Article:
Any writer, painter, illustrator, fine artist, whatever will tell you about the difficulty that comes with starting a new project. The newness and possibility of something new can feel overwhelming, large, and just plain scary.
It's similar to the fear that comes with public speaking in that when given the amount of space and time we need to really express ourselves, we (or at least, I) often can't speak at all, because we don't know where to start and are overwhelmed by possibility and the potential for power.
The same thing happens when it comes to managing personal health and wellness. Try starting on a new diet or exercise regime, making a wellness practice part of your daily or weekly habits and you're meet with that same quiet, giant space. It's overwhelming and since it can be hard to know where to start, we usually just don't start at all.
For me, the only way to achieve any sort of balance is by keeping things extremely uneven – basically to "go hard or go home." All or nothing. An entire pint of ice cream or not even a bite. Regular workouts or pure relaxation.
Finding balanced in the unbalanced.
A podcast once told me it had something to do with my personality type and I'm sure that's true. Regardless, it works great for me. And so, with this behavior in mind, I've put together a little guide to living a more balanced life – with a very important emphasis on health and wellness.
Here's what's worked for me:
Make it a lifestyle, not a one-time practice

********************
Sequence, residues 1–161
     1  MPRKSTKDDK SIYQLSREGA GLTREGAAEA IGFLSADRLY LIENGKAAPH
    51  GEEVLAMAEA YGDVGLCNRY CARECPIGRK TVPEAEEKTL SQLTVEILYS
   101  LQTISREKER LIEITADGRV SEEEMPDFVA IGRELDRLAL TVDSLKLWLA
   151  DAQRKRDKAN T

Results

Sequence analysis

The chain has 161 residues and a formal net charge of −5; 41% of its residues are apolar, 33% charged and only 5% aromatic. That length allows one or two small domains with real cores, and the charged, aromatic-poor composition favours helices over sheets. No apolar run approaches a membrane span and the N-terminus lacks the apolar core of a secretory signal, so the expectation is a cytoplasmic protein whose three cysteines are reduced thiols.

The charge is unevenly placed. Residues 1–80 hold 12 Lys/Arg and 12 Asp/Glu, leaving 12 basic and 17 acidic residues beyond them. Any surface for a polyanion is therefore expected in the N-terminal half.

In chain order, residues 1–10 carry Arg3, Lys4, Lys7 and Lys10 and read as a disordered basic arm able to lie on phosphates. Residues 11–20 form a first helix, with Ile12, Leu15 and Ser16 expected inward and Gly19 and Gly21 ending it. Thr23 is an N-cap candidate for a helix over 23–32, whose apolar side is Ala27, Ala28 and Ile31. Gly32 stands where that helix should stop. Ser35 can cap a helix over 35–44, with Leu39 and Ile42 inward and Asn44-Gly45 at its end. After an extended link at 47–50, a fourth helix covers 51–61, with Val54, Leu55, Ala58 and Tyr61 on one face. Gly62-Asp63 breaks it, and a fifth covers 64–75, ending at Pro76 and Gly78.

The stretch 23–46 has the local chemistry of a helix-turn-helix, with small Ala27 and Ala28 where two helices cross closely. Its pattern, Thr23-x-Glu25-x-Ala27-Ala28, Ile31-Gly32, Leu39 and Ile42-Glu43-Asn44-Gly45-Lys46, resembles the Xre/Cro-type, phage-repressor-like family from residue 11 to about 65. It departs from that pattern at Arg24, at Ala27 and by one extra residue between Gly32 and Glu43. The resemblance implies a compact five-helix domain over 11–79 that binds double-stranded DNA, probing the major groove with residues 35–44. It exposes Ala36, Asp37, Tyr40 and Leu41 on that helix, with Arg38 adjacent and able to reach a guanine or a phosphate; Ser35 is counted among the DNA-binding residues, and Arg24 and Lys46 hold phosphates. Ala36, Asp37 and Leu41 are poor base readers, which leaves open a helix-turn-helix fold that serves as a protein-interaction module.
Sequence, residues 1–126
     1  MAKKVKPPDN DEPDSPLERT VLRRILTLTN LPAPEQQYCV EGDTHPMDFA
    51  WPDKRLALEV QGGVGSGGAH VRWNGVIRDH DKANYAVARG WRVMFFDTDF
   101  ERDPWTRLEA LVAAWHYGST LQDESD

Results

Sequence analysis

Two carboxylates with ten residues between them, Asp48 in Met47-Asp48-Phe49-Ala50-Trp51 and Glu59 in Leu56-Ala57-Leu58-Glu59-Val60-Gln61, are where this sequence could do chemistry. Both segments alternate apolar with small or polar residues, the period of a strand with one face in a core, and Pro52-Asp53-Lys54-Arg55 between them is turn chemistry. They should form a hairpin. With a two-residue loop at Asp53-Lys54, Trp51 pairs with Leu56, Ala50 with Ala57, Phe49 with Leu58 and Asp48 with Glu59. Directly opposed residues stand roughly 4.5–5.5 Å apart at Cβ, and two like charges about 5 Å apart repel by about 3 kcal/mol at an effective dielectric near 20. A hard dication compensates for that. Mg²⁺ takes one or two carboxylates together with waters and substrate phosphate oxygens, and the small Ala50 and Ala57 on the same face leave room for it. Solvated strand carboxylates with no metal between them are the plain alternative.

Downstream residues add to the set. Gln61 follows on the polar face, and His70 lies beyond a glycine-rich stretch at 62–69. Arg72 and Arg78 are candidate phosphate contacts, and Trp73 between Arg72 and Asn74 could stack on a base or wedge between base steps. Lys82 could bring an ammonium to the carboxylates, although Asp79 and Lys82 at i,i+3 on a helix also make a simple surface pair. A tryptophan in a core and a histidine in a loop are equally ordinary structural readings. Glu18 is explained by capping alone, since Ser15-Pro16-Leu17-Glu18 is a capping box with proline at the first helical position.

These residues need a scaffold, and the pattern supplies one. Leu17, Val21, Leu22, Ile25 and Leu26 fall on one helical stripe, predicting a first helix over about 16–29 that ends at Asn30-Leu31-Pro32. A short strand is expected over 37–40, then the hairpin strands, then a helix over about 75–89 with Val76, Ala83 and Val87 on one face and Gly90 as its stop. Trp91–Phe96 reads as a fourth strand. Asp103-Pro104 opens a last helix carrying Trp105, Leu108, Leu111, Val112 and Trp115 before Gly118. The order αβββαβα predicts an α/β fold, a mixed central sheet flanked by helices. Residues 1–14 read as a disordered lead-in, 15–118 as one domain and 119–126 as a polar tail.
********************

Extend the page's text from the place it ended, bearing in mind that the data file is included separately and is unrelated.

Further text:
Whatever you're trying to achieve (lower sugar intake, more workouts, more personal or meditative time, etc.) the only way you can make this new behavior part of a regular routine is by thinking of it as an entire lifestyle. You're not eating healthy today, you're changing the way you approach food and eating overall. You're not trying out a new yoga class once, then again in 2-3 months. You're practicing yoga, and making it a part of your weekly schedule. Accept your new health-focused behavior as a part of your overall lifestyle, envelope it in your existing routine, and soon (soon) it will become a natural practice.
Eliminate the idea of "good" behavior
Don't applaud yourself for living a healthy, balanced life. Just like the idea of turning a behavior into a lifestyle, once you decide to eat healthy/exercise/get more sleep/read more/meditate, etc., know that this is now normal behavior for you – not "good" behavior. "Good" behavior is looked at as an exception to the norm that can be rewarded with bad. Make your "good" behavior the new norm and let that be the reward in itself.
Phone a friend
This is an oft-repeated piece of advice when it comes to working out or going to the gym, but the same principle of routine and accountability applies to any sort of wellness practice. If you're trying to cut down on junk food, ask a friend to join you in the practice and keep tabs on each other. Then really follow through with your plans, and continue. If you don't have a companion or would rather go it alone, write things down in a journal, find a weekly podcast that you love and with a regular publishing schedule that will inadvertently hold you accountable, and stick with it.
To really nail it home, associate your new wellness behavior with another sense – be it a scent you smell when meditating, a song you listen to while working out, or a podcast you play while cooking (healthier) food. Choose practices that will accompany your practice and before you know it, you'll be living your new, healthier life.
This (un)balanced behavior has helped me to live a much healthier, more balanced life than I did several years ago but obviously these practices are always easier said than done.
Case in point: I just finished doing yoga right now. If I'm honest, I really didn't want to practice even though I love doing yoga. But you know what? I love my Outdoor Voices yoga pants and knew I'd feel better after I was done practicing, so I lit a candle and did the damn thing. And now, I feel so much better for it.
Checkmate. But really, what works for you?